Domestic Violence: How it Can Affect Child Custody


Domestic violence has serious and far-reaching consequences, both physically and emotionally. As such, it should hardly be surprising that a history of family violence can significantly impact child custody rulings in a divorce case.

While isolated incidents of domestic violence don’t necessarily eliminate visitation rights for the abusive parent, they can often directly influence custody outcomes. As in other child custody hearings, the court will take the child’s best interests into account—and a history of family violence serves as an indicator of potential future danger to the child.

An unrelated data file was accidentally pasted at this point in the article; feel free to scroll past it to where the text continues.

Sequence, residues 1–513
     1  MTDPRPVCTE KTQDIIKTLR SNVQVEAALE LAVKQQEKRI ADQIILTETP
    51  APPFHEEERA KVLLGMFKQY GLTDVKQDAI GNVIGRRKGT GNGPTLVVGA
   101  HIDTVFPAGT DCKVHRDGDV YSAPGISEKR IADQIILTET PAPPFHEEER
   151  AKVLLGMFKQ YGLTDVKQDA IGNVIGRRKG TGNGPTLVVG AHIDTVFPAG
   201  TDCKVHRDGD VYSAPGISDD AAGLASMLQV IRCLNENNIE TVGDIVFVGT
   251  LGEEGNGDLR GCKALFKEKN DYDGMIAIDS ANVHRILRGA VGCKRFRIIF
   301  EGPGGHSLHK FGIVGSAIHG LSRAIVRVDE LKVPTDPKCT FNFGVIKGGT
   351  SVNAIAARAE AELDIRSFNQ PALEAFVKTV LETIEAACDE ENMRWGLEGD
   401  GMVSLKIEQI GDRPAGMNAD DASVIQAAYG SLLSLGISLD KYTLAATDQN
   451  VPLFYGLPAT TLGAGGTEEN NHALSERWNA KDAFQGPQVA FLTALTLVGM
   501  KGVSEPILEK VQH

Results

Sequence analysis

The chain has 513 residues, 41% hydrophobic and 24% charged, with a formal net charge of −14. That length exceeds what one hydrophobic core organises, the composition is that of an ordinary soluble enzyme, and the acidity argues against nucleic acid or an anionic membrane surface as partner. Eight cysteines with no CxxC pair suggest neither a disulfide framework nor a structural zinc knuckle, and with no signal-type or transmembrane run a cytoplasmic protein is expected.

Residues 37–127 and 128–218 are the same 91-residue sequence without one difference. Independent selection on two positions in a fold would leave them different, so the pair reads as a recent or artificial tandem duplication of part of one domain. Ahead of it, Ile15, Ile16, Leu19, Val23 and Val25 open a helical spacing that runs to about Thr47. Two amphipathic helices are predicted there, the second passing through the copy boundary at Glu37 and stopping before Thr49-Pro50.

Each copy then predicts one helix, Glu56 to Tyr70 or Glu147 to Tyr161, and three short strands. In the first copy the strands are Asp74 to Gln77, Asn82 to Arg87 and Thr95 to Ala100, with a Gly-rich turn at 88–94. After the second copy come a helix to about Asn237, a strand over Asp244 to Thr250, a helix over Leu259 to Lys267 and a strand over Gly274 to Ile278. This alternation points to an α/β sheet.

In many cases, the abusive spouse will be granted supervised visitation rights after the divorce. The abusive spouse is able to visit their child, but only with another authorized adult present. Such less restrictive measures are more typical after isolated incidents of domestic violence, but in more extreme cases, harsher judicial measures may be taken.

If a danger assessment concludes that a child would be endangered by spending time with an abusive spouse, the other spouse can apply for a protective order. In extreme cases (including incidents of sexual abuse against the child or felony assault against the other parent), a judge could terminate the abusive spouse’s parental rights entirely.

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